Resources for Classrooms:


“Mithril (http://stanford.edu/~pnaqlada/mithril), a multiplayer online role-playing game developed by students at Stanford University. Mithril draws on the look and feel of MMOs but is math-based; players must master mathematical concepts in order to cast spells, defeat foes, and progress in the game.” (Horizon Report)



So according to the rubric, we should be adding some multimedia aspects into our page. I don't think this is a video we should necessarily post on the site, but it does have a good explanation of the disadvantages of collaborative video games in the classroom. It also includes a script of the video so I'll write something up for the disadvantage portion. The part I like the most is from 1:40-2:26 but the rest of the video is pretty good as well. I'm going to post a link to the video instead of the actual video right now so that the script will be included. (DC) Update: The write-up is below.


Big Think Video


Here's another that we could use for an example of classroom use.



From the Big Think video I listed above...




In his video for BigThink.com, video game designer Jesse Schell outlines a few of the problems schools face with integrating serious and MMO games into the current curriculum.


The first point he makes is that “games don’t fit well on a time table.” It’s hard to determine how long it will take a student to accomplish sub-goals and ultimately finish a game, which can pose a problem for teachers wanting to outline how long classroom units should take. While we could set a deadline for when students must end the game and move onto a new unit, we also run into the problem of students feeling discouraged from not successfully finishing a game. If we allow students to stay on a game until they finish, we run the risk of some students falling behind others. It also creates much more for the teacher to keep track of.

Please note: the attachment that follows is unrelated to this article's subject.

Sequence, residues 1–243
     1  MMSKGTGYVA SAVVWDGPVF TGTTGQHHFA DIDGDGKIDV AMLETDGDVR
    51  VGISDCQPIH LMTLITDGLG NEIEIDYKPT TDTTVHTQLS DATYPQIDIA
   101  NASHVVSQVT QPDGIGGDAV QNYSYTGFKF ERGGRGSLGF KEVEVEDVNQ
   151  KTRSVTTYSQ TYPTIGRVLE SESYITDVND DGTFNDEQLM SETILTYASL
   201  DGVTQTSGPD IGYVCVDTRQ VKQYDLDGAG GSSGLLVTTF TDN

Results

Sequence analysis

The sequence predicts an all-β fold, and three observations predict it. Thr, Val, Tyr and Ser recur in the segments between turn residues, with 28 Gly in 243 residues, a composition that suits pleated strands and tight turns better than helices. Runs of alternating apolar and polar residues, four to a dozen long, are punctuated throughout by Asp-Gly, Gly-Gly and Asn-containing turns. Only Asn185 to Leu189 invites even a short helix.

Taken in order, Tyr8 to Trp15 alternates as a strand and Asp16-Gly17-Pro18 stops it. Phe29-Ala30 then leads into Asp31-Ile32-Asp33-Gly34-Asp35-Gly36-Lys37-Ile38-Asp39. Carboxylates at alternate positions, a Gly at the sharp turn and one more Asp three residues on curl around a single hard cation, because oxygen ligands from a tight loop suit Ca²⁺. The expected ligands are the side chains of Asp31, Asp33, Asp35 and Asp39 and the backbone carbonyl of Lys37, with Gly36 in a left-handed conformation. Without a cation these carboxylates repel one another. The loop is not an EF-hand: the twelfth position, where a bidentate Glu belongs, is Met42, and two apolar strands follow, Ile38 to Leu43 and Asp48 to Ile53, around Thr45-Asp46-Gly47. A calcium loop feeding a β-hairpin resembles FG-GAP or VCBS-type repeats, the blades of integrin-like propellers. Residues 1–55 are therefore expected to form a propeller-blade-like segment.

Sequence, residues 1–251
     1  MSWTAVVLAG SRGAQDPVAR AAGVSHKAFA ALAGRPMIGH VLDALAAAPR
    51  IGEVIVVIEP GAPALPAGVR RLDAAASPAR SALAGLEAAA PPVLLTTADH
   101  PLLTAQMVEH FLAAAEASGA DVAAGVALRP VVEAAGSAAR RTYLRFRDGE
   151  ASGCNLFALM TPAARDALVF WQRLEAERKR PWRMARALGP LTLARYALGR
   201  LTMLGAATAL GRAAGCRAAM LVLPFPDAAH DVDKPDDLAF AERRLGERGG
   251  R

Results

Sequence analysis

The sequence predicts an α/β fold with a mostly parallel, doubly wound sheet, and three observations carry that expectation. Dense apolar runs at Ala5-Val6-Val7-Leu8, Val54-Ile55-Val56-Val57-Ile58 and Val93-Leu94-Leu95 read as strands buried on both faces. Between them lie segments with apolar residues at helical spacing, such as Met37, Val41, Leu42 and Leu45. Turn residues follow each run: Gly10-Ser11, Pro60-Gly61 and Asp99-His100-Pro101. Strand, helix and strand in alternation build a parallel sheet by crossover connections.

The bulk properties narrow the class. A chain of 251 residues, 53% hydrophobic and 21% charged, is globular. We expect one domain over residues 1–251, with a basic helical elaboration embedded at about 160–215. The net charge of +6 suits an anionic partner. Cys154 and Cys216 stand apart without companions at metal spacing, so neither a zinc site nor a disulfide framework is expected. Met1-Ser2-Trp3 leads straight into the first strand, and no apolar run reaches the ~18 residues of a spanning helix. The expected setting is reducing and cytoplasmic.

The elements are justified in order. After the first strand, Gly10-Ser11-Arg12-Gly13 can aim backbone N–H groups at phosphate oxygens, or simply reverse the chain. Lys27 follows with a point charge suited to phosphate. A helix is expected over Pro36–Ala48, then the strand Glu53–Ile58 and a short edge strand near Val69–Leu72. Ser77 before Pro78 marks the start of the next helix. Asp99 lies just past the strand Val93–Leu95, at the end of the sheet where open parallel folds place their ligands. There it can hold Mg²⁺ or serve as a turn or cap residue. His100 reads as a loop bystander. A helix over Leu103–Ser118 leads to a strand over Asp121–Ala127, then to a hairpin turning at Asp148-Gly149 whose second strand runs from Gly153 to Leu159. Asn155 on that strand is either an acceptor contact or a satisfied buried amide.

Jesse goes on to point out that because each student/group plays his own game, they’re likely to encounter a completely different experience from someone playing the same game, but making different decisions two seats down. This difference in experiences also mucks up the traditional teaching method of each student learning from the same material with the same experiences. It also leads into another problem that Jesse points out- if each student is learning and experiencing something different, teachers will have a much more difficult time keeping track of who has learned what. These are issues that can be solved, but schools need to be informed of them before introducing these games to the curriculum.


Gameplay is much like reading a book as comparing it to traditional learning. The same debate of what approach to take on reading was taking place in the 1960's and 70's. Louise Rosenblatt developed what is called now as The Reader Response Theory where the reader brings his own frame of reference in a Literature work unlike new criticism where the Literary works interpretation is fixed and there is only one right answer.

I found this rubric for Assessing Student Learning in Virtual Simulations and Serious Games and thought you might be able to use it.